nslookup example.com dns108.ovh.net
nslookup example.com ns108.ovh.net

The servers are ready to be nominated if both tests passes both these conditions:

  1. Both servers answers for your domain and gives expected IP address.
  2. The answers are authoritative i.e. in nslookup there's no line Non-authoritative answer. Here, the b.iana-servers.net is authoritative for example.com but the cdns.ovh.net isn't:

    $ nslookup example.com b.iana-servers.net
    Server:         b.iana-servers.net
    Address:        2001:500:8d::53#53
    
    Name:   example.com
    Address: 93.184.216.34
    
    $ nslookup example.com cdns.ovh.net
    Server:         cdns.ovh.net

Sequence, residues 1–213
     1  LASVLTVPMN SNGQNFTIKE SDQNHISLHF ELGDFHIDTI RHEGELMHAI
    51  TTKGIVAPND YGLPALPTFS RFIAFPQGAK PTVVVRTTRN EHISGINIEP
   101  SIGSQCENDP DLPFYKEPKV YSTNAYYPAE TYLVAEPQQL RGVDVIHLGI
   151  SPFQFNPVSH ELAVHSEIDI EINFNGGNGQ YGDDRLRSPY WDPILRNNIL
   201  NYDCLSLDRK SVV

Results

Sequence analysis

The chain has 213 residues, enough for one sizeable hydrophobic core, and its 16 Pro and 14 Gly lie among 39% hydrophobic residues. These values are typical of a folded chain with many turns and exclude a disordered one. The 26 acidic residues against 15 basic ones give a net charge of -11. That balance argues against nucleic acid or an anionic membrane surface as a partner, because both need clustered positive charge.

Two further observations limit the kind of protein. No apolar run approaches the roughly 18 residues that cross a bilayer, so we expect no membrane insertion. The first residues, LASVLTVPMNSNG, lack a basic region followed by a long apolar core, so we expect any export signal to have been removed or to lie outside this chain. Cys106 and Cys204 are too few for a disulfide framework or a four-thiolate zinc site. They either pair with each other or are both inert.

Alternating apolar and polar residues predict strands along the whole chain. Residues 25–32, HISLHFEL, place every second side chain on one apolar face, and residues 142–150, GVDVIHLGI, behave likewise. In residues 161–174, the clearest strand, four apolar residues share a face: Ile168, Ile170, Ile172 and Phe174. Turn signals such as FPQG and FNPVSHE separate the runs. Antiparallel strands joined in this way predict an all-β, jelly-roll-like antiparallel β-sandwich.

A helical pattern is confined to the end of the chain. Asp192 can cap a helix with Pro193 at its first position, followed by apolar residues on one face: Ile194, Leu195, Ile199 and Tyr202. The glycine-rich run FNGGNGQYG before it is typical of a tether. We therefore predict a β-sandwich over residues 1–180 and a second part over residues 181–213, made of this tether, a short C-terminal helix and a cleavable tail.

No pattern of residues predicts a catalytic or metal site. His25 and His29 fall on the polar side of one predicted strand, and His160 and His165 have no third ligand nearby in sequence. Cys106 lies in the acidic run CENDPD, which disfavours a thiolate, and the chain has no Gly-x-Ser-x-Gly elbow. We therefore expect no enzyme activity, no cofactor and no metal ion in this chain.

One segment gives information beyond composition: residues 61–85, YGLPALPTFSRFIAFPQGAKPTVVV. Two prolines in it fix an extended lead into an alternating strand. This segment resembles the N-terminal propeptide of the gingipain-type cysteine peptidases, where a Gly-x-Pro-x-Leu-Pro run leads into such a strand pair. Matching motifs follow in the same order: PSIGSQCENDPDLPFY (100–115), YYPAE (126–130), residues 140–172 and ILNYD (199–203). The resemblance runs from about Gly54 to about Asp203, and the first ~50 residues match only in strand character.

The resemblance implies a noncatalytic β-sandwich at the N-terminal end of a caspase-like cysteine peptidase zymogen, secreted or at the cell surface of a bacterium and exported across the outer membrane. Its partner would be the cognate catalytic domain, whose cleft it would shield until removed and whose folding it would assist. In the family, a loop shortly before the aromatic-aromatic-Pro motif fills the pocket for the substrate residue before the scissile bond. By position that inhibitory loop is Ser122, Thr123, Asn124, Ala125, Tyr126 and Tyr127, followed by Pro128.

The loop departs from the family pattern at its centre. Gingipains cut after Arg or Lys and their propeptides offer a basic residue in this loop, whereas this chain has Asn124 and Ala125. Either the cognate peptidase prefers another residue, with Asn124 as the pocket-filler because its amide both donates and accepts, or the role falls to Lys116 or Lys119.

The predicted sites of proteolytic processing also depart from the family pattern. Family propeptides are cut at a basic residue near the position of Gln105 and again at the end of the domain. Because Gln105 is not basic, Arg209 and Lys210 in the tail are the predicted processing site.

Address:        2001:41d0:3:163::1#53
    
    Non-authoritative answer:
    Name:   example.com
    Address: 93.184.216.34
    

Hint: if OVH says the DNS for your domain is working, there's no reason to believe the tests wouldn't pass. They know what they are doing. But this is what you can do if you are still really suspicious.

  • See, that's what I thought i was doing with my nslookup when i first issued the command server ns108.ovh.net before i tried looking up my/any domain.. It looks like there is some subtle difference between doing nslookup mydomain.com ns108.ovh.net and doing nslookup<RETURN KEY>server ns108.ovh.net<RETURN KEY>mydomain.com.. Because your way does use the OVH server and it does respond. My way doesn't work; interested to know what the difference is.. But, thanks! you've taught me something there – Caius Jard Jun 8 '17 at 15:58